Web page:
Hrafnsson says the site has working partnerships with "almost 100" outlets across the world
Speaking at the Polis International Journalism conference today Kristinn Hrafnsson said the mainstream media still has an "appetite" to work with the site and that it has ongoing working relationships with "almost 100" outlets across the world.
"We have not finished in our publications" he added, weeks after the site began publishing the first of millions of emails from US-based "global intelligence" provider Stratfor.
This involved an "investigative partnership" with 25 media outlets worldwide, WikiLeaks said at the time.
Today Hrafnsson said the "real problem" is gaining access to material.
In 2010 WikiLeaks founder Julian Assange announced that the site had to close its submission system while it dealt with the amount of material it had accumulated.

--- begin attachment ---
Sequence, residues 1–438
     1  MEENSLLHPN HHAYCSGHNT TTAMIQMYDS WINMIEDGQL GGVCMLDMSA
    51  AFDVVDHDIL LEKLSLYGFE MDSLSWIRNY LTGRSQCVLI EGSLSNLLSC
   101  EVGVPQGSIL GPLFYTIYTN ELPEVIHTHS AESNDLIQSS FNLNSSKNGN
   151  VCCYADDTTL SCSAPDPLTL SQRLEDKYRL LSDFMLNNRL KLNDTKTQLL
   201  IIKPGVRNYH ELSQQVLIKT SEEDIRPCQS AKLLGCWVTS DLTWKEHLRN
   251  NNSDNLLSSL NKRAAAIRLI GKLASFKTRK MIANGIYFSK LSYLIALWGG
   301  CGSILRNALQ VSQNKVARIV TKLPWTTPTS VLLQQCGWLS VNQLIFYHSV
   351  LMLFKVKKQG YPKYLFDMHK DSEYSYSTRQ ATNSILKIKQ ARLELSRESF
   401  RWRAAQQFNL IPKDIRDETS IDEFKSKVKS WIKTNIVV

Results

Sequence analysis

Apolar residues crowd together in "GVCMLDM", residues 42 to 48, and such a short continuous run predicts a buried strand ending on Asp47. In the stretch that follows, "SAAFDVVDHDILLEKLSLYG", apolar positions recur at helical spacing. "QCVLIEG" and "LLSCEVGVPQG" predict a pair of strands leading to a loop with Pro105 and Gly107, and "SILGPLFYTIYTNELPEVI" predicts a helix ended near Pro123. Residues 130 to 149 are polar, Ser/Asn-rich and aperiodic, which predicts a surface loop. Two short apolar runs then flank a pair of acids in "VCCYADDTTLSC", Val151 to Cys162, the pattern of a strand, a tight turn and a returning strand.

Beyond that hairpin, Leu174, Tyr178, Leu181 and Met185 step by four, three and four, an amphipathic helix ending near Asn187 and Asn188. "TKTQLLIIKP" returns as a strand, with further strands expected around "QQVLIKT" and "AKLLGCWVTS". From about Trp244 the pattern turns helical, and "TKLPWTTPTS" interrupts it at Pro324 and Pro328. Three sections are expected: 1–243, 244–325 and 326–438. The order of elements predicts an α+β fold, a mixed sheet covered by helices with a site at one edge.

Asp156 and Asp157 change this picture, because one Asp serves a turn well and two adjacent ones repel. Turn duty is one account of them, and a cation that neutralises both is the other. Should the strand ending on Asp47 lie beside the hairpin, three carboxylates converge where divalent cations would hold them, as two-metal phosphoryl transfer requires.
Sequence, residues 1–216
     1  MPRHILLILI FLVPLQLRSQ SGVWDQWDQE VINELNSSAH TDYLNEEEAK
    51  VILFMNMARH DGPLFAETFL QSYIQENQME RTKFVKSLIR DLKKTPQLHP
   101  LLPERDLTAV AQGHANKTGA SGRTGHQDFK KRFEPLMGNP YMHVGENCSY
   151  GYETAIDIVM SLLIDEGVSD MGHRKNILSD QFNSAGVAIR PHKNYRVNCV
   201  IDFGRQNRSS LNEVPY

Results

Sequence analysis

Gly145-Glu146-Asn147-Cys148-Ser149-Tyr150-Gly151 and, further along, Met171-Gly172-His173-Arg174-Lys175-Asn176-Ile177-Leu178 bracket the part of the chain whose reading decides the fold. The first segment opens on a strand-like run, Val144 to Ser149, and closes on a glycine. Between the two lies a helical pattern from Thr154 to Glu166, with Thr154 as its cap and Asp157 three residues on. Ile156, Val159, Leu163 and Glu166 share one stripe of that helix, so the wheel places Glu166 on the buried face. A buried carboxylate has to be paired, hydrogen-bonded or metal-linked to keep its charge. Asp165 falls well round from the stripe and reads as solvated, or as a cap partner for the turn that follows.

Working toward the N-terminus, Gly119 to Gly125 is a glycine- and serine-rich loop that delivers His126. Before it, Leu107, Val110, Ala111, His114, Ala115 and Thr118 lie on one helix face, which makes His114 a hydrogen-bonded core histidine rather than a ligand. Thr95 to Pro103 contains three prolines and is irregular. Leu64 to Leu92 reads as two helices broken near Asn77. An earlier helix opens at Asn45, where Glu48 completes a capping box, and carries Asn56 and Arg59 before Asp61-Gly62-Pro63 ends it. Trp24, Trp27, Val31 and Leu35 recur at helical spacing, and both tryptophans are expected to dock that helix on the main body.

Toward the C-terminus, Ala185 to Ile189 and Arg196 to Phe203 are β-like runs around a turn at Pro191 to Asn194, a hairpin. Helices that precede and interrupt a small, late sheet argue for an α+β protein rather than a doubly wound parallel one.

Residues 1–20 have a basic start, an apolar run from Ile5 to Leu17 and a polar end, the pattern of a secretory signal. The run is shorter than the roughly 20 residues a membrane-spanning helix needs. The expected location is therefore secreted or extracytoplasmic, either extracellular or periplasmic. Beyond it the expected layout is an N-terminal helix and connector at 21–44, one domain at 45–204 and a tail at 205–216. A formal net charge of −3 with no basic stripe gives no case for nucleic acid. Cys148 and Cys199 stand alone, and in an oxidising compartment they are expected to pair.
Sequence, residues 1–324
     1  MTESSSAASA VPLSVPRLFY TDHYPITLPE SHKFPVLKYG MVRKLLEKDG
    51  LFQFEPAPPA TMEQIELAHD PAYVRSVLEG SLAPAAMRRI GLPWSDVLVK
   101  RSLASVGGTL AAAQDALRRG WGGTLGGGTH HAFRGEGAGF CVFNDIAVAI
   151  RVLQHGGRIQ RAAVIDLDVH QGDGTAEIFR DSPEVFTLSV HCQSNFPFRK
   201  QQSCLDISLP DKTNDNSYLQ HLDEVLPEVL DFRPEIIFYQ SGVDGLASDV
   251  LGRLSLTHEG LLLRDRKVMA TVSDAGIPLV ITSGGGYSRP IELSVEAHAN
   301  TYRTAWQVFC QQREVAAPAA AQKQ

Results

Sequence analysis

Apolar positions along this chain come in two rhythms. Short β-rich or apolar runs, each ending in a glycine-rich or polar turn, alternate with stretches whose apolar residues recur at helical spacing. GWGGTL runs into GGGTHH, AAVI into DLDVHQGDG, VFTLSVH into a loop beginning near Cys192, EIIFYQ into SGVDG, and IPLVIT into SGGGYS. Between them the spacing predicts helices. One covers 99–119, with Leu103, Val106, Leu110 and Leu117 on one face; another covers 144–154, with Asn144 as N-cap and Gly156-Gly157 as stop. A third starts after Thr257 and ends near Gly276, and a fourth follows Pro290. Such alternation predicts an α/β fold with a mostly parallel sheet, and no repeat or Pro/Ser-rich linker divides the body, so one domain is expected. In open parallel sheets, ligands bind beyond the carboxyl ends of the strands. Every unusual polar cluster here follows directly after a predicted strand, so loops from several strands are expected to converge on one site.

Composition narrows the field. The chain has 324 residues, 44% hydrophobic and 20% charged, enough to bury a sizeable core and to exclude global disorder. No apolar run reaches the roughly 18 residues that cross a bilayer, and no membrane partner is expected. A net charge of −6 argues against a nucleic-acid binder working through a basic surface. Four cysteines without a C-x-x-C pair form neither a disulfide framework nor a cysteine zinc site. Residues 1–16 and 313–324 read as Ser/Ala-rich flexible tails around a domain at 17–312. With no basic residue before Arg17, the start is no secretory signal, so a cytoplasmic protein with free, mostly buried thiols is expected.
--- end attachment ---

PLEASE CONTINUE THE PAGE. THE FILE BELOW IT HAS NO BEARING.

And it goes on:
Hrafnsson said at the time the site "could not have done justice to material that would have entered".
"We have been working on a new gateway, which will open hopefully soon, when we are ready to open it.
"There have been obstacles in creating that," he said, adding that it has been "more technologically challenging that we had expected".
"There is a constant race with keeping this secure and the ability to crack codes and find out where material comes from.
"Our submission system two years ago would not have been adequate today. We hope this will be a model for receiving information in the future.
"It's not just about WikiLeaks, we hope that others will copy that model and there will be more huge leaks".
Free daily newsletter
- What gets readers hooked onto your writing?
- New report highlights the online harassment faced by women in journalism, and the lack of training on how to cope
- New podcast The Tip Off aims to take listeners behind the scenes of investigative journalism in the UK
- Tip: Bookmark these resources for online security for journalists
- From data crunching to storytelling: Lessons from six months of Urbs.London